00:54 GMT16 January 2021
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    Board members of the Virginia Military Institute (VMI) approved the removal in October, shortly after a story published in the Washington Post argued Black cadets "still endure relentless racism" at the military college.

    VMI's post-Civil War statue honoring notorious Confederate Gen. Thomas "Stonewall" Jackson was plucked from its acropodium in Lexington, Virginia, around 9:45 a.m. local time on Monday. 

    A modest crowd formed near the cadet battery as the controversial bronze statue began its $209,000 relocation to the Virginia Museum of the Civil War and New Market Battlefield State Historical Park in nearby New Market, Virginia, according to WDBJ7. The costly move is reportedly being funded by the school's facility maintenance and operations account. 

    The Board of Visitors at VMI, the oldest state-supported military college in the US, announced in late October that the statue celebrating Jackson would be leaving the campus - nearly 110 years after it was unveiled by sculptor Moses Ezekiel.

    Ezekiel was a veteran of the Battle of New Market before making history as VMI's first Jewish cadet.  

    “VMI, like all aspects of society, must honestly address historical inequities and be intentional about creating a better future. We care deeply about the individual experiences of all of our cadets and alumni,” said Board of Visitors President John William "Bill" Boland in a statement obtained by the Associated Press.

    The decision has been viewed as a direct response to a Washington Post article by Ian Shapira that slammed the school's problematic praise of Jackson. Citing VMI alumnus Kaleb Tucker, who is Black, the article revealed that first-year cadets have traditionally been forced to salute the statue of the Confederate general.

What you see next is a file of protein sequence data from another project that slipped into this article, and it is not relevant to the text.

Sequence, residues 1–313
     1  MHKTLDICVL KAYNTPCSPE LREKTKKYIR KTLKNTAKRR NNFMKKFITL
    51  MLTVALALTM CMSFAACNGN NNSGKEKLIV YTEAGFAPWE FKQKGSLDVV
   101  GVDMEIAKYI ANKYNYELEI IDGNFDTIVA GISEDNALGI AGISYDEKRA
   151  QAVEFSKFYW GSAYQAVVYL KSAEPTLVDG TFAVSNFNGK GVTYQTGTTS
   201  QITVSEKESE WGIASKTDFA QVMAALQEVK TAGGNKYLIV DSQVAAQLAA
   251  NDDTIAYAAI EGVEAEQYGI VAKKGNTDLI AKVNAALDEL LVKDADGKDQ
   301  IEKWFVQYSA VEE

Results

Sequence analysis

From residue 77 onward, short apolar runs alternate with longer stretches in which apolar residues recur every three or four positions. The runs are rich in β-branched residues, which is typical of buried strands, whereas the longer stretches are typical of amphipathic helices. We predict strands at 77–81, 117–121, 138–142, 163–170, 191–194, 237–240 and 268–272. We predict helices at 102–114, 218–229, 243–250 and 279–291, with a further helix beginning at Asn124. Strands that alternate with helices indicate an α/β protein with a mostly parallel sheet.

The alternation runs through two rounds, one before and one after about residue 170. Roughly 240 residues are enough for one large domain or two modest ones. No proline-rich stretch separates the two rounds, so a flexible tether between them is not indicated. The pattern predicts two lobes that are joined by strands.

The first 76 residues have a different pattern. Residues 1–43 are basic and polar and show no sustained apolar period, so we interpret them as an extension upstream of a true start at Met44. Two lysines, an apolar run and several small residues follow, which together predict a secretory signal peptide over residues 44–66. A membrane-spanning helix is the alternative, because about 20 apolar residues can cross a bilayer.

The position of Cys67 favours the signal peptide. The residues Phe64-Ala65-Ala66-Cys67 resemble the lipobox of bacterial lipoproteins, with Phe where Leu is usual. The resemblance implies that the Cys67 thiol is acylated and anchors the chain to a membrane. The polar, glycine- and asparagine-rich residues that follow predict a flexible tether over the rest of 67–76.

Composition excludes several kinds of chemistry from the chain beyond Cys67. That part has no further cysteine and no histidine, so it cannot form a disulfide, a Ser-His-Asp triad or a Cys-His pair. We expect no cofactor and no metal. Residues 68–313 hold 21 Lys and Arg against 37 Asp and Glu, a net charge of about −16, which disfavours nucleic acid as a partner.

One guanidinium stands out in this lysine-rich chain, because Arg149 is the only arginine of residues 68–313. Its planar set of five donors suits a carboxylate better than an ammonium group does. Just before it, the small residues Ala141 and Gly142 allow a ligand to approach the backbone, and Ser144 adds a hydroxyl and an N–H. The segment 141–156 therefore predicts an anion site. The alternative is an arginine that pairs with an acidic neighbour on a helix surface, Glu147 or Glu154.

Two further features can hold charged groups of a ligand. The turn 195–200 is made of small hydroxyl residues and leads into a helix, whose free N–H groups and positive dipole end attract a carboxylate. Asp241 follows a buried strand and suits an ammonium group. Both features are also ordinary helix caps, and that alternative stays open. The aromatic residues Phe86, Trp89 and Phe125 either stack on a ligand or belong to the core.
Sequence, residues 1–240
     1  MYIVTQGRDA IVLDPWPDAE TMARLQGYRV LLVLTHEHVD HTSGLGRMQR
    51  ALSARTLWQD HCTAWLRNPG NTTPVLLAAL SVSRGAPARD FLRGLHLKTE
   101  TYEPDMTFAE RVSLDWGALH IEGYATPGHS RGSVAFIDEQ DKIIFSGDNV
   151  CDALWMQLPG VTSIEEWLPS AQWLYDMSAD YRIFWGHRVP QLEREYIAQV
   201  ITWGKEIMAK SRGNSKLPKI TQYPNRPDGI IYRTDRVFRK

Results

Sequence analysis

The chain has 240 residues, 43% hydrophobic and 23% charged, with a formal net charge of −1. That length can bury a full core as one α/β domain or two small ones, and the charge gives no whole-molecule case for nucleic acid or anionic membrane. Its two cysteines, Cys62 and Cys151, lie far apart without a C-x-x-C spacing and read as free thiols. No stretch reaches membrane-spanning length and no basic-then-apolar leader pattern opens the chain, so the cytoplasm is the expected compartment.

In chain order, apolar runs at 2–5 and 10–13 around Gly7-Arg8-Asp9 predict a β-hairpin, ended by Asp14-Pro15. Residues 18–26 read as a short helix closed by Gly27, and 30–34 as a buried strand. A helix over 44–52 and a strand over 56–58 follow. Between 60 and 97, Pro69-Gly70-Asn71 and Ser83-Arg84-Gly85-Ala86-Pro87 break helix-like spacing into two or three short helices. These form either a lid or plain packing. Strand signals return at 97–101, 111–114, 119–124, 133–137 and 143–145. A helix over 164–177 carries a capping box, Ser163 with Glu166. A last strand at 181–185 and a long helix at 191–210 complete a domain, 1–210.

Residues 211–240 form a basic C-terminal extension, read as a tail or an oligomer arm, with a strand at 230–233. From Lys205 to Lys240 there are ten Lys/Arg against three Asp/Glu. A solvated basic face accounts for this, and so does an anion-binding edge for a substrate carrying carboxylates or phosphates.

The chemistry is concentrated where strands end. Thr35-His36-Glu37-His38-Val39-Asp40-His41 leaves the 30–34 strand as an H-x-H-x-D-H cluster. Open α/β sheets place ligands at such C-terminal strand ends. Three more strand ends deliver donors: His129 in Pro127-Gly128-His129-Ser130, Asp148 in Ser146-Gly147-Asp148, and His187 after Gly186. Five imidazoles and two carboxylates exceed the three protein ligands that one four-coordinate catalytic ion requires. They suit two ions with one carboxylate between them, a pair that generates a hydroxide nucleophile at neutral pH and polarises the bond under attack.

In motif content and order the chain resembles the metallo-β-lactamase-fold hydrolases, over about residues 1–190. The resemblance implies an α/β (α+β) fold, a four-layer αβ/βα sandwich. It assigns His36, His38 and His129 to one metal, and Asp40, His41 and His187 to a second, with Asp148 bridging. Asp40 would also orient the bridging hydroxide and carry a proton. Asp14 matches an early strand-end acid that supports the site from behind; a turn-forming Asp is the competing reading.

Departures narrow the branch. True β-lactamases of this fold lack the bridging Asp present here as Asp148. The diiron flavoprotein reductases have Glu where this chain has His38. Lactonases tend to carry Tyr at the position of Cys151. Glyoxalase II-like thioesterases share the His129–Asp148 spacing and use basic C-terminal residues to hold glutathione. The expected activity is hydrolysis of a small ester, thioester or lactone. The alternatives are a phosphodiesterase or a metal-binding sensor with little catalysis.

Shapira emphasized that Jackson was more than just a professor at the military college - he was also an "enslaver of six people." 

    “They were asking us to commemorate people on the wrong side of history and to celebrate people who wanted African Americans in bondage, raped and enslaved,” argued VMI alumna Carroll Foy, who is also Black. 

    Stonewall Jackson Portrait by William D. Washington. Oil portrait of General Stonewall Jackson, which was painted by William D. Washington in 1868, based on the 1862 Winchester photo of Jackson. The original portrait is owned by the Virginia Military Institute
    Stonewall Jackson Portrait by William D. Washington. Oil portrait of General Stonewall Jackson, which was painted by William D. Washington in 1868, based on the 1862 "Winchester photo" of Jackson. The original portrait is owned by the Virginia Military Institute

    Allegations raised in the publication triggered a $1 million probe backed by the Virginia General Assembly.   

    The Washington Post's reporting on the matter also led to the resignation of VMI's superintendent, retired US Army Gen. J.H. Binford Peay III, who proclaimed in a July memo that the school had no intention of renaming any buildings or removing any statues from the campus. 

    Peay III went on to praise Jackson as a "military genius," VMI professor and Mexican War veteran. 

    "Throughout the years, the primary focus on honoring VMI’s history has been to celebrate principles of honor, integrity, character, courage, service, and selflessness of those associated with the institute. It is not to in anyway condone racism, much less slavery," he wrote. 

    Anti-racist protests ignited earlier this year following the May 25 police slaying of George Floyd, an unarmed Black resident of Minneapolis, Minnesota. Local governments and entities, such as VMI, have responded to these calls for racial equality via their own symbolic denunciations of slavery and the Confederate States of America, which fought to maintain the enslavement of Africans. 

    A statue of former US President Thomas Jefferson, for example, was toppled by demonstrators in Portland, Oregon. Historians have documented that Jefferson was responsible for the enslavement of hundreds of individuals, including Sally Hemings, an enslaved, mixed-race woman who was raped by Jefferson and also gave birth to their child. 

    "Slave owner" and "George Floyd" were seen tagged on the statue's acropodium. 

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    American Civil War, slavery, Racism, civil war, Confederate Statues, school, military, Virginia
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